Can lefties do Britishness?

We shouldn’t be afraid to ground our political vision in an idea of Britain, of who we are and what kind of society we want to build.

Like most good teenagers, I had a lot of dramatic political revelations. This was one of them: we all have multiple identities. I might be a Londoner, a Brit, English and European. But the identity that matters most is our humanity. If everyone could realise that we’d all be ok. No more wars, prejudice or inequality. Everything would be great. Think kum ba yah with logic.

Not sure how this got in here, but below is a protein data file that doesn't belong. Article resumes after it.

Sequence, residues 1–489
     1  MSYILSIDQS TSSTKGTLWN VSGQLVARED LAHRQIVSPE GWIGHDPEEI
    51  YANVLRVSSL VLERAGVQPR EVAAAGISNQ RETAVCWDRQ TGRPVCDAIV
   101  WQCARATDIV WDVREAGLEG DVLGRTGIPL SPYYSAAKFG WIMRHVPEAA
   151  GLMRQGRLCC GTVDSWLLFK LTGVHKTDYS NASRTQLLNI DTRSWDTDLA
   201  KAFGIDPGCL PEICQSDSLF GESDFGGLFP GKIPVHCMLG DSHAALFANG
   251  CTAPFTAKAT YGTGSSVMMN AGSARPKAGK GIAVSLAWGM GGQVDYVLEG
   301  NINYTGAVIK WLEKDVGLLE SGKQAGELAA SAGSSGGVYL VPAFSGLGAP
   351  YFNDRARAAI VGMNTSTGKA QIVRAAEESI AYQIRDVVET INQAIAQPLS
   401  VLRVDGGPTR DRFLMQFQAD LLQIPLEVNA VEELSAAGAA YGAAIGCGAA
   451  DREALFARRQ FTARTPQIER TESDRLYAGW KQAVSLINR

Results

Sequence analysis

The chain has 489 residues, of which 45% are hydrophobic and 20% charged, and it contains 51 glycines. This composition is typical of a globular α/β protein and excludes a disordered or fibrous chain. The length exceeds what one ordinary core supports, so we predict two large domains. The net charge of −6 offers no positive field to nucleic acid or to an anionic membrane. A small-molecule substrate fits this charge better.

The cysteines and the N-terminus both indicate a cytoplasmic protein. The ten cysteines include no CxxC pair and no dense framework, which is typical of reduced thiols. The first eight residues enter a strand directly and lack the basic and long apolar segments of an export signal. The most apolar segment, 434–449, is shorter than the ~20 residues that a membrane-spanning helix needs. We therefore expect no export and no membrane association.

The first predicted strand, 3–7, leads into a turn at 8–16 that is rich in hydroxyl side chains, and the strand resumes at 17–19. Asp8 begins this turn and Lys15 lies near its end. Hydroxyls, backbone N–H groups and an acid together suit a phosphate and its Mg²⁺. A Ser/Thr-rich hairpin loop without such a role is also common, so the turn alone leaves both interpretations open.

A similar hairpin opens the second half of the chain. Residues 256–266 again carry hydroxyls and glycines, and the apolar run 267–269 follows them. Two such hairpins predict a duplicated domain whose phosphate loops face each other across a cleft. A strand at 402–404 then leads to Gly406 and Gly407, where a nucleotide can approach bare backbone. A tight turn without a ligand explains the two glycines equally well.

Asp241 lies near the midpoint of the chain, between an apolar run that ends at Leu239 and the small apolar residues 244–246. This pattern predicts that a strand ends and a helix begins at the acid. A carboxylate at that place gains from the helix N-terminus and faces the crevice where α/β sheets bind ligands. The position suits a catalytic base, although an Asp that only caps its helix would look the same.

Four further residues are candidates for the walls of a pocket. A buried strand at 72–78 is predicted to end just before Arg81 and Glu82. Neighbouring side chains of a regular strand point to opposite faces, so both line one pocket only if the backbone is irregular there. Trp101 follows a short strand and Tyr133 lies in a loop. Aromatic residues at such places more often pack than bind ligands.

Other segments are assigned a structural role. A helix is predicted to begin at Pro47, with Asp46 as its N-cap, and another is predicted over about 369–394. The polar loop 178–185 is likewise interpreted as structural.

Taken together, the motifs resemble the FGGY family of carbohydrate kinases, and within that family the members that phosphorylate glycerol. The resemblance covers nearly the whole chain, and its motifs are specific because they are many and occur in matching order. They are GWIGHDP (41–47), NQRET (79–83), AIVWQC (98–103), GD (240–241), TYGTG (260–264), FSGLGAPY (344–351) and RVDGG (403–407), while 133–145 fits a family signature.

Now I’m older, I’m not so sure. Try loving everyone, and you’re in danger of loving no-one. There’s something cold about working from an abstract moral equation rather than natural affection. Reduce people to statistics, and we lose something important. So now I’m not ashamed of feeling a greater connection with the person next to me on the bus in Britain more than the stranger on a coach abroad; I’m proud that I do.
 
The left has always been wary of nationalism. Owen Jones tweeted last week “The more that nationalism rears its head, the less we talk about the tidal wave of austerity hitting working people across Britain”. People are worried about past atrocities we’ve committed in the name of the nation. About people carrying the flag for the wrong reasons. About the apologies we never made. There are good reasons to be skeptical.